While I’m not a trained historian, I view writing history as a form of factual story telling requiring an extensive base of information. I had not worked as an engineer on any spread-spectrum radio hardware, but Paul had given me a nice chunk of historical evidence. One thing that the younger readers of this yarn must realize is that at the time, there was only the ARPANet; no internet, no Google, no way to access large amounts of information remotely. In fact, we didn’t even have the Microsoft Operating system or Microsoft Word. The TeX typesetting language was in its infancy, and personal computers were just beginning to be available. Indeed I purchased an Apple IIc and wrote my own word processing software and driver for a Paper Tiger dot-matrix printer (all in Basic) – what a relief not to cut and paste paper when trying to write a history piecemeal as sources revealed themselves. The gradual assembling of the history was done completely on this primitive home computer.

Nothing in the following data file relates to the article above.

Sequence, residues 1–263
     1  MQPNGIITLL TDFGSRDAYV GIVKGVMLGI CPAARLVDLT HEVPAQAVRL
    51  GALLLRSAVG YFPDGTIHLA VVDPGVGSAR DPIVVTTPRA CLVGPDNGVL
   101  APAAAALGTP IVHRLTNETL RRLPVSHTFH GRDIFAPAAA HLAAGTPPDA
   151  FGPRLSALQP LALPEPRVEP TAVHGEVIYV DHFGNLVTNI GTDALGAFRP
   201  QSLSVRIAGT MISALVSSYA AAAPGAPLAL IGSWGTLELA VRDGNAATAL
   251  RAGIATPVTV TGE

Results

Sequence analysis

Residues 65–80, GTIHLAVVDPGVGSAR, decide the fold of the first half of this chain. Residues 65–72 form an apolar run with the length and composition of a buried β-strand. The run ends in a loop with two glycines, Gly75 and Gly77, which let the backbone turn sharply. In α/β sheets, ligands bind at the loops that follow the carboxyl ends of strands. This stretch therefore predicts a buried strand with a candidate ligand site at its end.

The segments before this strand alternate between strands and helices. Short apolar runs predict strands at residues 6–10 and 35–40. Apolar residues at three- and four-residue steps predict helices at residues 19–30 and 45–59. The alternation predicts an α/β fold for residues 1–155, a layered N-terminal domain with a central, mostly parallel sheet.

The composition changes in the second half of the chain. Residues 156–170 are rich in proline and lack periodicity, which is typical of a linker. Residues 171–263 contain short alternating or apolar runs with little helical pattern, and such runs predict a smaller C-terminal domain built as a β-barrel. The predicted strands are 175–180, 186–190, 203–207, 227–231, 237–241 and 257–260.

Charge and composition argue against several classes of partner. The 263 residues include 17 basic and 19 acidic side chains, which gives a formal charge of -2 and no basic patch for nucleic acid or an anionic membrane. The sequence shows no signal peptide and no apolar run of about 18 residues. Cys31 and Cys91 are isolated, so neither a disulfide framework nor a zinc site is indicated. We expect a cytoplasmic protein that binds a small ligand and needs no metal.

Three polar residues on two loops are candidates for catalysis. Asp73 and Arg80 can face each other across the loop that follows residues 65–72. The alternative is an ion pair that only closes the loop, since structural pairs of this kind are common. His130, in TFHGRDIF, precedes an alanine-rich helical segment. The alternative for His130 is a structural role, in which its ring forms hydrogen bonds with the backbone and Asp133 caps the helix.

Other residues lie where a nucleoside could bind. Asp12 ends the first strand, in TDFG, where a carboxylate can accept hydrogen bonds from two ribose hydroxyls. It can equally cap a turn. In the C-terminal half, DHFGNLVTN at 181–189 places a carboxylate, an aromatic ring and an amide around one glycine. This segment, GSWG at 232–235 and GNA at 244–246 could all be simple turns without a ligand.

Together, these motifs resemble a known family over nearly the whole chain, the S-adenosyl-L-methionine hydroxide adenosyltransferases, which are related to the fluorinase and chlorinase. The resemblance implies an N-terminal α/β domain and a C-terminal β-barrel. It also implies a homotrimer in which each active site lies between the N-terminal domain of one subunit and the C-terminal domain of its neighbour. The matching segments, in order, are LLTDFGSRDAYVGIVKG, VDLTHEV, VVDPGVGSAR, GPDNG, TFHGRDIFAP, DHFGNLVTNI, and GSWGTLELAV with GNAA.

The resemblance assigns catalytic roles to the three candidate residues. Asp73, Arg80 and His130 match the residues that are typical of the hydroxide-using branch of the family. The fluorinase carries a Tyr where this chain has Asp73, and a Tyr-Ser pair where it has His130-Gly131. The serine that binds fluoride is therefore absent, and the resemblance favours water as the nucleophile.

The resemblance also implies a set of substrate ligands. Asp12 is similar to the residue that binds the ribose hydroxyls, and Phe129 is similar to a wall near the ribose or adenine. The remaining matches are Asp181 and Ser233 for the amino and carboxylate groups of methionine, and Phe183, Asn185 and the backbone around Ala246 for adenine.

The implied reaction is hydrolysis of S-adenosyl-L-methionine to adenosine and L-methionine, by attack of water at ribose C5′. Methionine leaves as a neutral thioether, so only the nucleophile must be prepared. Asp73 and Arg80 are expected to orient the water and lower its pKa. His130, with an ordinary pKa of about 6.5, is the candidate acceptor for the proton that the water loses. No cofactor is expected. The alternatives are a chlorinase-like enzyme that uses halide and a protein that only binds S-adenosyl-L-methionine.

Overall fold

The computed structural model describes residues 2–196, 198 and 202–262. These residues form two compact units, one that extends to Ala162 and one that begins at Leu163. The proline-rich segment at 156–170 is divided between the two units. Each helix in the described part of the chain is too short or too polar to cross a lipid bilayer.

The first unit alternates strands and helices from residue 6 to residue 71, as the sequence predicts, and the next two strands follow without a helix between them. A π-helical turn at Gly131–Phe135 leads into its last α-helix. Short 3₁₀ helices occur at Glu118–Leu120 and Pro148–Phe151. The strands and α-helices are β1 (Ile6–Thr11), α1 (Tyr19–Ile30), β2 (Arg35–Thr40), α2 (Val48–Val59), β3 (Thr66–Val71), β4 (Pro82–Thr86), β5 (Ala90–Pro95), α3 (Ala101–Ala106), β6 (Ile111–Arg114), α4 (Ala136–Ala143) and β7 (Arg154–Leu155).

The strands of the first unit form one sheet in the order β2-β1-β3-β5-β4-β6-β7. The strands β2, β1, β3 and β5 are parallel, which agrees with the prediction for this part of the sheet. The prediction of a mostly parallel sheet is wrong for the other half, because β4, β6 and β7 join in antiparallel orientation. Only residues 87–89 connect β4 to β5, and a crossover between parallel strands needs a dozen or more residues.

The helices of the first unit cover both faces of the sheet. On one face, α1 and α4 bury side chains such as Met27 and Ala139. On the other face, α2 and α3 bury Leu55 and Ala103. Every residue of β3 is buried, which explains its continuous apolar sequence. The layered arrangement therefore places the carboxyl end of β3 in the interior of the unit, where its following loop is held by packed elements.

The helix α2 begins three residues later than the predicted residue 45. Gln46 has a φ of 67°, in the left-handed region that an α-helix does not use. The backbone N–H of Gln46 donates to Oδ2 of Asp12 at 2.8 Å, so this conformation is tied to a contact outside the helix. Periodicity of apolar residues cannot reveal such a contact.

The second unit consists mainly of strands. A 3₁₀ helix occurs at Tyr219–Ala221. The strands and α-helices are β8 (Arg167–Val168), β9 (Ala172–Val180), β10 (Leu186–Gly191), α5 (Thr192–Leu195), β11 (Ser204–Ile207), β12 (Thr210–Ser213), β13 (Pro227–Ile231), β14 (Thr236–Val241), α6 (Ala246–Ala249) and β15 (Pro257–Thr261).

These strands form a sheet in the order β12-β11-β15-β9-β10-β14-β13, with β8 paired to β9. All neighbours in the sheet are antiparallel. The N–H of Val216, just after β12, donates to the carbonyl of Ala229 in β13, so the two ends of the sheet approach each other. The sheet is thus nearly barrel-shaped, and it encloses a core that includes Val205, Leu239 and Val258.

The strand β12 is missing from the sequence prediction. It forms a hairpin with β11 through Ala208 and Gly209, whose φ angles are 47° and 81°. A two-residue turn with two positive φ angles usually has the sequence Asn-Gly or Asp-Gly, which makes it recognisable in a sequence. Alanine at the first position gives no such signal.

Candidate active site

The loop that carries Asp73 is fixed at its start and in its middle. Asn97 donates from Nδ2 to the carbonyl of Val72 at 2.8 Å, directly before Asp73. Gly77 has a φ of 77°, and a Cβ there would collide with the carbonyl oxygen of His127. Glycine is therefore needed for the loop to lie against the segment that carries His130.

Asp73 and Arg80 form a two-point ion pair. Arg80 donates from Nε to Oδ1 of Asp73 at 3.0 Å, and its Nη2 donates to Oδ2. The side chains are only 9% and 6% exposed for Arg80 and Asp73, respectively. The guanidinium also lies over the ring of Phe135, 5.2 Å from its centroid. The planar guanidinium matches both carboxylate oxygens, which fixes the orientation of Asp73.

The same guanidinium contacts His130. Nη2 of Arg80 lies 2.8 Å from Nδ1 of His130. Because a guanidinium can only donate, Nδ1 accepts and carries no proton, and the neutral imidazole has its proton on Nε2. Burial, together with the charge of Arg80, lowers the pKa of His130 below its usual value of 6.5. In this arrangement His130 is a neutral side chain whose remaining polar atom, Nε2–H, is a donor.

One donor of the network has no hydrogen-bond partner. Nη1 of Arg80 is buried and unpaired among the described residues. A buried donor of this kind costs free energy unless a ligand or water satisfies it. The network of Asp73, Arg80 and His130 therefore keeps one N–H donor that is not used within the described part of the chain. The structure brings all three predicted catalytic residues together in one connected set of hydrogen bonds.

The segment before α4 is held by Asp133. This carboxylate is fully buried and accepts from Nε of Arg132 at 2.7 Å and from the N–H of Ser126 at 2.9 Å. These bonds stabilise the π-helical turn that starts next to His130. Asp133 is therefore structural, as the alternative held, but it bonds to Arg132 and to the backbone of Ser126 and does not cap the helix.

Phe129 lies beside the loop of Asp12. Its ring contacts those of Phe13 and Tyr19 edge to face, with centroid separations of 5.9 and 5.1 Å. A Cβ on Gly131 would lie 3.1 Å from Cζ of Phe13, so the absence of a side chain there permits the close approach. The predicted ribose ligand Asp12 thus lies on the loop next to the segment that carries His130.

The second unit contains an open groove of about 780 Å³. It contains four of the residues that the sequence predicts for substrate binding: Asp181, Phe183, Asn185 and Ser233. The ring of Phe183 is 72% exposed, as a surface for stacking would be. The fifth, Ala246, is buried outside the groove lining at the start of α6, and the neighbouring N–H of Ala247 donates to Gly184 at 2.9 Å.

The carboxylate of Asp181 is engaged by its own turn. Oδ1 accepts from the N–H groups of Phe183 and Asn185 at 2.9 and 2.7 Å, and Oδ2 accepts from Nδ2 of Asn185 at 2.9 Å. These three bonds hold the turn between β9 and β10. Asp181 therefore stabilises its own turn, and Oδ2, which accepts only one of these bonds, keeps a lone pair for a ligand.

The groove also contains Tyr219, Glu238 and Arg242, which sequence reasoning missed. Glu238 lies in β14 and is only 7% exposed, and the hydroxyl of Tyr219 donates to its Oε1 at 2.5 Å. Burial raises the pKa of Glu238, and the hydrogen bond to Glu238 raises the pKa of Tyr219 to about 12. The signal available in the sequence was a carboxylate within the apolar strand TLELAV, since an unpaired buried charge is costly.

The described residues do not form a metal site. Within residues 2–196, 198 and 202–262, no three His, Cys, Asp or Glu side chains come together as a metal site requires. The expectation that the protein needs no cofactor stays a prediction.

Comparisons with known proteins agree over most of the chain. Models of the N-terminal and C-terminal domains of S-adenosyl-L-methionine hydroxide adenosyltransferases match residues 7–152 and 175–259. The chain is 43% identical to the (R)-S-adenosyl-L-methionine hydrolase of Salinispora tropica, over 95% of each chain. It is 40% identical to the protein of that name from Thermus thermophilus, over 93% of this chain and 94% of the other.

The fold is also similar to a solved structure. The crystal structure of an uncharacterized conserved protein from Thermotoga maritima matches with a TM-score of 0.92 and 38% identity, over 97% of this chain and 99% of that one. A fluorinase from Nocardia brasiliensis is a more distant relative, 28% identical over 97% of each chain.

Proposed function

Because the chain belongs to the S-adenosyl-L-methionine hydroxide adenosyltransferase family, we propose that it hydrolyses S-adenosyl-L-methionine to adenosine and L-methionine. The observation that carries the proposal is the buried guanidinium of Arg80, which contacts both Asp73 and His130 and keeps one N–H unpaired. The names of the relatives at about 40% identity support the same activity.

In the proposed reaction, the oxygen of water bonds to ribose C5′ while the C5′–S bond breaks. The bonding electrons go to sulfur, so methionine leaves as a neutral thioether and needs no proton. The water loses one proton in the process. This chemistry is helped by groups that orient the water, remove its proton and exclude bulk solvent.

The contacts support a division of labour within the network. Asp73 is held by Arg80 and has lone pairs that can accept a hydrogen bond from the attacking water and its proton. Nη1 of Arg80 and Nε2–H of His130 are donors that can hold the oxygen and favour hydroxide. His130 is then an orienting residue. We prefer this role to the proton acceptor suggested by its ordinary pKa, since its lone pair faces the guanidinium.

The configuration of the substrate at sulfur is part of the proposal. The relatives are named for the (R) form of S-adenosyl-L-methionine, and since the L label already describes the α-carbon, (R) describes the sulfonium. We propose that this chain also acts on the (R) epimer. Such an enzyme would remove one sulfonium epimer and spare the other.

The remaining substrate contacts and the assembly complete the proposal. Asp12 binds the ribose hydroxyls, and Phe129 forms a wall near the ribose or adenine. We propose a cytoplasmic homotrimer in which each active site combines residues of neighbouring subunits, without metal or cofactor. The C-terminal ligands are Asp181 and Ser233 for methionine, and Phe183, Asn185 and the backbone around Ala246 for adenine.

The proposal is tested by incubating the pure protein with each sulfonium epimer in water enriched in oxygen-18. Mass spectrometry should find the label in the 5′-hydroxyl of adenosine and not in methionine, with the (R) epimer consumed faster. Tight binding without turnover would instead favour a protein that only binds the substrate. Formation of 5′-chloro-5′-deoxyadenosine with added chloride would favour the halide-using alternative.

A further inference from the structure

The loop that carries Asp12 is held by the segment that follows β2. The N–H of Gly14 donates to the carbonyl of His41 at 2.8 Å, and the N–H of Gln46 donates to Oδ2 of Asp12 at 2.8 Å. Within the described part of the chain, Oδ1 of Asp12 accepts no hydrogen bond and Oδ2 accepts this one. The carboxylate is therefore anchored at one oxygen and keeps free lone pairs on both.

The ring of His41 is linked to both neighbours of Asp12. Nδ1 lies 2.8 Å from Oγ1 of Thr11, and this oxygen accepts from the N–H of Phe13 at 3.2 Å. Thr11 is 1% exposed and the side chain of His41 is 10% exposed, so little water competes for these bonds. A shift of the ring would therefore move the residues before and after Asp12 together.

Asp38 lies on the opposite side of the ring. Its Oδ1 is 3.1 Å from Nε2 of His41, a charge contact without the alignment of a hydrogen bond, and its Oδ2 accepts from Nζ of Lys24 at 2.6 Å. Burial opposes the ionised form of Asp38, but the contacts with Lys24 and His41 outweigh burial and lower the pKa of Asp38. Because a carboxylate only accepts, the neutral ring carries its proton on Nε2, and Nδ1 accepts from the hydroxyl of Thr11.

The most difficult problem was accessing historical documents and interviewing the people who had done the hands-on spread-spectrum system development (that ground-breaking work having taken place mostly between 1940 and 1960). Some of these key players had already passed away and a few more died before the history was printed. Many of the patents and documents were still classified. I knew that some work on SS had been done at JPL in Pasadena CA and some at Magnavox Research Labs in Torrance CA, both conveniently nearby for me. But what about the rest of the USA (and the world)? Except for Lincoln Laboratories, my historical coverage would seem quite provincial. Paul Green came to the rescue when he connected me with Bob Price, his close friend and colleague from MIT, then a senior scientist at Sperry Research Center in Sudbury, Massachusetts.